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July/August 2004

Five Days in Fallujah
by Robert D. Kaplan

I had just poured water into the heating filter for a Captain Country Chicken MRE, and was preparing to remove some layers of clothing beneath my flak vest … when RPG and small-arms fire rattled the scrap iron that formed the roof of the filthy garage headquarters …

Smith did not have to order his Marines straight into the direction of the fire; it was a collective impulse—a phenomenon I would see again and again over the coming days. The idea that Marines are trained to break down doors, to seize beachheads and other territory, was an abstraction until I was there to experience it. Running into fire rather than seeking cover from it goes counter to every human survival instinct—trust me. I was sweating as much from fear as from the layers of clothing I still had on from the night before, to the degree that it felt as if pure salt were running into my eyes from my forehead. As the weeks had rolled on, and I had gotten to know the [battalion] as the individuals they were, I had started deluding myself that they weren’t much different from me. They had soft spots, they got sick, they complained. But in one flash, as we charged across [the road] amid whistling incoming shots, I realized that they were not like me; they were Marines.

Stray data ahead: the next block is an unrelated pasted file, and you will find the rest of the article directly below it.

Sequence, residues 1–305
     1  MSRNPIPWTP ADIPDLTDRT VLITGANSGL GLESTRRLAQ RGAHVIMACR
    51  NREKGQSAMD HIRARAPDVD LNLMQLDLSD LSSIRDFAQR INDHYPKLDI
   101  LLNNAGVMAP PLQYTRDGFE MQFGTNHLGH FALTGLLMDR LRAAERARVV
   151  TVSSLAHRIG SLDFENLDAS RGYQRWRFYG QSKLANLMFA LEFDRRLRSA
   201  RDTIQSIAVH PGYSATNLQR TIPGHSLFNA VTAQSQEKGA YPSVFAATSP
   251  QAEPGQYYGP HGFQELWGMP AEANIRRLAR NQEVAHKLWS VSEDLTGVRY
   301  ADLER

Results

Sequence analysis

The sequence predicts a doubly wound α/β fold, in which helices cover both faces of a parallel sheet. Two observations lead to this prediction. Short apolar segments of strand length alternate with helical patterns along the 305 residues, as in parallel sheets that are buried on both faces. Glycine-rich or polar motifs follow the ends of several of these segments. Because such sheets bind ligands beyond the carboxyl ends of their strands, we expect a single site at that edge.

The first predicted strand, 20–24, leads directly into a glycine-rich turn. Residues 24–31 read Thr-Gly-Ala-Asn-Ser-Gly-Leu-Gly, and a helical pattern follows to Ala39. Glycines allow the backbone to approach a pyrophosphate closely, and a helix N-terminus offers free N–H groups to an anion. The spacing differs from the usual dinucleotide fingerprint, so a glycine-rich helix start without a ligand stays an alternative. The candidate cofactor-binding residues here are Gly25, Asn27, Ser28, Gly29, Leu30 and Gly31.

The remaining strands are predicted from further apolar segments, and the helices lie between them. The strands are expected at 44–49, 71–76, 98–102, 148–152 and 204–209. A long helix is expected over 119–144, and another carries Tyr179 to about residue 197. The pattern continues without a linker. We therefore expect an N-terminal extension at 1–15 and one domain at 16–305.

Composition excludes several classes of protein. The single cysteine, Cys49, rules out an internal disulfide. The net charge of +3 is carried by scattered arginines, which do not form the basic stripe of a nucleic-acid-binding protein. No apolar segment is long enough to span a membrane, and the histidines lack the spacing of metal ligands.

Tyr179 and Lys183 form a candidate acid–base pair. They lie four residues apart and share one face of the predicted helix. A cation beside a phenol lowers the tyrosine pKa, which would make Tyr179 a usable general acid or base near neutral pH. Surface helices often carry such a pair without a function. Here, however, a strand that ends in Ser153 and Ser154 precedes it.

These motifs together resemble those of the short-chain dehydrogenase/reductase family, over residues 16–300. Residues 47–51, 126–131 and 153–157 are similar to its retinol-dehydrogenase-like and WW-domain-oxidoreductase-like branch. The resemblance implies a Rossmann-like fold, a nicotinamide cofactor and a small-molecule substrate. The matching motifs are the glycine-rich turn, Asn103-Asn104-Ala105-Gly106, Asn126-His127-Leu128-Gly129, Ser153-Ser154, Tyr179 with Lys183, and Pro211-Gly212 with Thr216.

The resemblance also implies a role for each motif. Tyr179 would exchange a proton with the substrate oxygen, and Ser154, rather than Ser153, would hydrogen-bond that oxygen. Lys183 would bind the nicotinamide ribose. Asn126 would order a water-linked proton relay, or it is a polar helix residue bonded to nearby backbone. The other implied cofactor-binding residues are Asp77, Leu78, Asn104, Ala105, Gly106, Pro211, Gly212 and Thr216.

Vol. 294, No. 1, pp. 116–126

Read the full article here.